Download Rock Cycle PPT

Survey
yes no Was this document useful for you?
   Thank you for your participation!

* Your assessment is very important for improving the work of artificial intelligence, which forms the content of this project

Document related concepts

Geology wikipedia, lookup

Large igneous province wikipedia, lookup

Algoman orogeny wikipedia, lookup

Geochemistry wikipedia, lookup

Composition of Mars wikipedia, lookup

Tectonic–climatic interaction wikipedia, lookup

Clastic rock wikipedia, lookup

Weathering wikipedia, lookup

Pedosphere wikipedia, lookup

Provenance (geology) wikipedia, lookup

Marine geology of the Cape Peninsula and False Bay wikipedia, lookup

Transcript
An Introduction to
the Rock Cycle
Rocks
 There are three (3) main
types of rocks:
 Rocks can be igneous,
sedimentary, or
metamorphic.
Igneous Rocks
o
Igneous rocks are formed when molten rock
(magma) cools and solidifies, with or without
crystallization, either below the surface as
intrusive rocks or on the surface as extrusive
(volcanic) rocks.
Granite is an igneous rock
Sedimentary Rock
Sedimentary rock is formed in three main ways:
1.
2.
3.
by the deposition of the
weathered remains of
other rocks (known as
clastic sedimentary
rocks)
by the deposition of the
results of biogenic
activity
by precipitation from
solution
Limestone and shale are both
types of sedimentary rock
Metamorphic Rock
Slate is a type of
metamorphic rock
 Metamorphic rock is the result of the
transformation of a pre-existing rock type.
 Metamorphic means "change in form“.
 Heat and Pressure physically and chemically
The Rock Cycle
Weathering
• Weathering is the process of decomposition
and/or disintegration of rocks, soils and their
minerals through natural, chemical, and
biological processes.
Erosion
• Erosion is the displacement
of solids (soil, mud, rock,
and other particles) because
of wind, water, ice, gravity,
or living organisms.
• Deforestation, overgrazing,
and road or trail building
are human activities that can
lead to erosion.
physical weathering
Frost heaving
•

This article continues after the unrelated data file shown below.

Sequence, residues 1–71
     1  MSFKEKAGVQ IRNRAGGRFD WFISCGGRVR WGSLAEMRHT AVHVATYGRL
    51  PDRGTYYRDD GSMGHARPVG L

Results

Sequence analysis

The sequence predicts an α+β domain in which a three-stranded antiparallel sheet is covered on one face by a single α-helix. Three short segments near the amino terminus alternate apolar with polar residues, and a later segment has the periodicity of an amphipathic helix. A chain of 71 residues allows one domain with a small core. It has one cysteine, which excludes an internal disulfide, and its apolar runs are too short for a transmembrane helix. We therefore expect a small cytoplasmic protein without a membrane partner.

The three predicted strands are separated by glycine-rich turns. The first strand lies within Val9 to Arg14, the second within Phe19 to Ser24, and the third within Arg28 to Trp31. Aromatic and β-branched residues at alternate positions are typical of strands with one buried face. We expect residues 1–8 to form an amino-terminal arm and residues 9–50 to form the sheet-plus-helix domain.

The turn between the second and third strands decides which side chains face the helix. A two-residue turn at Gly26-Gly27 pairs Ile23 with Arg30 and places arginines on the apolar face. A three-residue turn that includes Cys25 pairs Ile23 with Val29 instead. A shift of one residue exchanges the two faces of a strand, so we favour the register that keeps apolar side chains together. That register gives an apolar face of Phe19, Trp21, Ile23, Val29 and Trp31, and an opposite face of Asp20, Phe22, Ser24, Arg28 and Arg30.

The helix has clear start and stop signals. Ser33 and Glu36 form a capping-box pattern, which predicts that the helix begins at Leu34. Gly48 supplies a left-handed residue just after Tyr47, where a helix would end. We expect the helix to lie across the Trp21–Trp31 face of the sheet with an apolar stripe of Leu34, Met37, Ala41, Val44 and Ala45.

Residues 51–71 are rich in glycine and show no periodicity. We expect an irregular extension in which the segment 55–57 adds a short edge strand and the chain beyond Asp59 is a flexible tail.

Frost heave is the result of pressure created
from a combination of freezing
temperatures and soil defrosting. The
fluctuating freezing and thawing conditions
heave, or lift, the soil, which is often
characterized by deep cracking of the soil.
Plants may be uprooted from the ground as
well.
Frost wedging
•
•
•
•
Frost wedging is caused by the repeated freeze-thaw
cycle of water in extreme climates.
Most rocks have small cracks in them, called joints.
When it rains, rainwater seeps into these joints. As
the day cools and temperatures at night drop below
freezing, the water inside the joints freezes.
As water freezes into ice, it expands.
The expanding ice places pressure on the joints in
the rock. Finally, when the pressure is too much,
the joint expands. In some cases, the rock will split,
though this usually happens after repeated freeze
and thaws. As new water is added during the
warmer days, more ice is created at night, wedging
the joints apart further.
physical weathering
Plant roots
Friction and impact
• The roots of large plants can
penetrate the rocky soil and
break it apart.
• Constant exposure to friction
and impact can change the
formation of the rocks and
cause them to break off.
physical weathering
Animals
Temperature changes
• Animals that burrow into
rocks can cause weathering.
• The changing temperatures
can alter landscapes by
causing the soil to freeze or
burn.